When a user first signs in to a Chrome OS device, they are run through first-run OOBE flow. From UX perspective, the flow is considered part of the first user sign in, even though it happens after the user cryptohome is created and the user session has started. The session will not be considered active until the user first-run flow finishes.
The user first run flow contains the following steps:
The first and only screen shown during public session login. It's shown if device local account policy specifies terms of service URL. The screen will display the plain text content downloaded from the provided URL (non plain-text content will be rejected). The public session will start only if the user accepts the provided terms of service. If the terms are rejected, public session will exit immediately.
Terms of service screen is only shown for public session accounts.
Shown on official Chrome builds only, and only for users with GAIA account. It informs the user about Chrome sync, and Google services personalization. The user has an option to request to review of sync options after user setup finishes. The sync consent screen will not be shown if sync is disabled by policy.
Screen shown if the device supports fingerprint unlock. The user can use the screen to enroll their fingerprints for unlocking their user session. For more information see fingerprint documentation.
The screen is shown if the device is in tablet mode, and if PIN authentication is enabled. The screen can be used to set up PIN that can be used for unlocking the user session.
The screen shows Google Play Terms of Service, if Android apps are supported on the device. The Terms of Service content is fetched from play.google.com, and hosted in a webview within the ARC Terms of Service screen. To reduce time required to display the webview content, the content fetch is initiated when GAIA screen is first shown, and later refreshed as required (for example if the locale changes).
If the screen is skipped, user session will continue with Android apps support disabled. The screen cannot be skipped on Chrome OS devices that use Andriod P and later.
To effectively test this screen in browser tests, the test has to set up an embedded test server instance to serve terms of service content, and override the URL from which terms of service are fetched using a test API exposed by the screen implementation.
Screen shown when ARC terms of service are accepted by the user. It lists Android apps the user has installed on their other devices and that would work on the host Chrome OS device. The user can select the set of apps they want to install. Once the selection is confirmed, Chrome will start installing the selected apps. The user will be informed that the app installation has started, and the number of installing apps using App Downloading screen.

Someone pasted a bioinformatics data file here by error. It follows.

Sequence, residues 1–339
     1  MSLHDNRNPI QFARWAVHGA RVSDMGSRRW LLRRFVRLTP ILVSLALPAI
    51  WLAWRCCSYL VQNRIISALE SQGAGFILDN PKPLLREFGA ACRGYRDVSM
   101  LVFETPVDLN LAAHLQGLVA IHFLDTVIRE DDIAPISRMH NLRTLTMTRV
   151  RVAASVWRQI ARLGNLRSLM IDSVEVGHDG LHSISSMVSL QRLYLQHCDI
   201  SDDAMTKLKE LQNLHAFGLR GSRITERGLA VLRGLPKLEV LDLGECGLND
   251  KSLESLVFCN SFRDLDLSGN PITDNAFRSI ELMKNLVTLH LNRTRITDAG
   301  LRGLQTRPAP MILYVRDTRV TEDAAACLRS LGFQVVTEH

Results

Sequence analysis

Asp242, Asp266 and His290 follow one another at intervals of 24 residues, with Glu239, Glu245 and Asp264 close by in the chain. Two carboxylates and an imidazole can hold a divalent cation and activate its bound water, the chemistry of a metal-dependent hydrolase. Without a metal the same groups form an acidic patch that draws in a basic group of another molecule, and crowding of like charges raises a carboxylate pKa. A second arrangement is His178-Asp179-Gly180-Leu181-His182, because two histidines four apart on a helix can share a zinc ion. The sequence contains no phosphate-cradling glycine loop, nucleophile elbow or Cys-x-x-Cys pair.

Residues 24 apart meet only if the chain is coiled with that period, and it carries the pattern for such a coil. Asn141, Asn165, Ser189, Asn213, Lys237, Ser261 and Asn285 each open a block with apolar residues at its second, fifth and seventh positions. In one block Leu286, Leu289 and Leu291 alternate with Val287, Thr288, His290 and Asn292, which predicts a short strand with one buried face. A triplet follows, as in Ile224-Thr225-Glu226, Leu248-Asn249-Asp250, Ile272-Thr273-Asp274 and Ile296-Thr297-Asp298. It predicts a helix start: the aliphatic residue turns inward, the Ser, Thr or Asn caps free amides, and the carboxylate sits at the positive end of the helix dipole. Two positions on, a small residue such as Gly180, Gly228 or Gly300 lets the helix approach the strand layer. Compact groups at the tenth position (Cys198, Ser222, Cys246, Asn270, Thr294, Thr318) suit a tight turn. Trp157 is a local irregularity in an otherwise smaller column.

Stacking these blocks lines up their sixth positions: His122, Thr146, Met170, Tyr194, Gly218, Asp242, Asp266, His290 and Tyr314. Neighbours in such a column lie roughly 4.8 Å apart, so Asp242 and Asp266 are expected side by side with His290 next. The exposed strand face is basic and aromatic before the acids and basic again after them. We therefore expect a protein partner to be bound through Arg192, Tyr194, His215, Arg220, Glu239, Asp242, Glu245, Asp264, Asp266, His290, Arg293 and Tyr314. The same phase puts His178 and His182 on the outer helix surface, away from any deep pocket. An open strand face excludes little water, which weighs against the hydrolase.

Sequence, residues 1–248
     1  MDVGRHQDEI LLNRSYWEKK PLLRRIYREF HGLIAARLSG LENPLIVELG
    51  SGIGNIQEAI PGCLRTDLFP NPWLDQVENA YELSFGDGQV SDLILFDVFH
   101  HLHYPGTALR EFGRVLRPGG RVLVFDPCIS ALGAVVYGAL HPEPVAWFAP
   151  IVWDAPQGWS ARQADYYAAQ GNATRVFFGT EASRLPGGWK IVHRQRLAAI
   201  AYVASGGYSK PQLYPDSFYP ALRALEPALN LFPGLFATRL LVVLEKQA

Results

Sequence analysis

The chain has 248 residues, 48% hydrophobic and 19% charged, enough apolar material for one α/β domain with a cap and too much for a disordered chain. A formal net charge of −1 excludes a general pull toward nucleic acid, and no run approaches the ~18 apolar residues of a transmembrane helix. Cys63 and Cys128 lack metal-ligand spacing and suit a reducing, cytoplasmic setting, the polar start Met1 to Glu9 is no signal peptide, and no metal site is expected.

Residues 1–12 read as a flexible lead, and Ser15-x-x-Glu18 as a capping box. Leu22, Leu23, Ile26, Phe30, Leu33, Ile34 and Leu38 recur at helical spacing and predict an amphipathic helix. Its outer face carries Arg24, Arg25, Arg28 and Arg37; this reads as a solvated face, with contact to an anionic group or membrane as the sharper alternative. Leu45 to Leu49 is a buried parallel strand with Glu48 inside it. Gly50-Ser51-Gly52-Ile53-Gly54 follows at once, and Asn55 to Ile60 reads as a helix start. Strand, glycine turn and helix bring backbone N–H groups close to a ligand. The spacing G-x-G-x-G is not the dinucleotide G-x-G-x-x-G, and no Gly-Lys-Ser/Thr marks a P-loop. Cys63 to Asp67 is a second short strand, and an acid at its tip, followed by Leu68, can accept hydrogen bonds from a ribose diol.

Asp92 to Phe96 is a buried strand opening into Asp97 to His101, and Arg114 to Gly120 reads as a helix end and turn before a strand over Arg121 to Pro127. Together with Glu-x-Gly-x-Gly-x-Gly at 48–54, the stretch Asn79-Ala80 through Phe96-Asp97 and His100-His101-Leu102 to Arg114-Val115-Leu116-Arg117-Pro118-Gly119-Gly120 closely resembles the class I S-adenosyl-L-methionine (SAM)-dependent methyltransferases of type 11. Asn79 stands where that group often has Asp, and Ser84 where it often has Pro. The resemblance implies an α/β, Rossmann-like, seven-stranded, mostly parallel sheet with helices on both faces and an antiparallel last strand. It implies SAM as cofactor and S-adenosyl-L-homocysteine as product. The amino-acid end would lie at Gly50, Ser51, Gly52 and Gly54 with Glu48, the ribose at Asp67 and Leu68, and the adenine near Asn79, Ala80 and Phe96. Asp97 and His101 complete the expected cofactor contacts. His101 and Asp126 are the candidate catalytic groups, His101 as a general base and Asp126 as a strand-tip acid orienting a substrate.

The list of recommended apps is fetched from Google Play, and is calculated using the Chrome OS device settings sent with the recommended apps list request. The settings for example include supported ARC features, display, and touchscreen characteristics.
Screen that sets up Google Assistant on Chrome OS, if assistant is available on the device. Assistant can be enabled using
The assistant opt-in screen loads value proposal content in webview - browser tests should override the value proposal URL to a URL served by an embedded test server set up by the test (otherwise assistant screen will not get past loading UI). The value proposal UI will ask the user for consent to enable assistant, if required.
Value prop UI is followed by third-party disclosure screen. Both value prop and third-party disclosure may be skipped if assistant service deems they are not required for the user.
If voice match is supported on the device, assistant opt-in flow offers the user to enroll to use their voice as an ID. The user can skip the speaker ID enrollment, if they wish.
The final step of the opt-in flow is informing the user the Assistant is ready, and offering to enable some advanced features, if any are available.
Much of this flow is managed by assistant::mojom::AssistantSettingsManager service. To effectively test the screen flow, this service should be faked by the test.
Screen to set up the Chrome OS device to work with other user's devices, for example setting up their Android phone to be used for Smart Lock. The screen will be shown only if the user has available remote devices.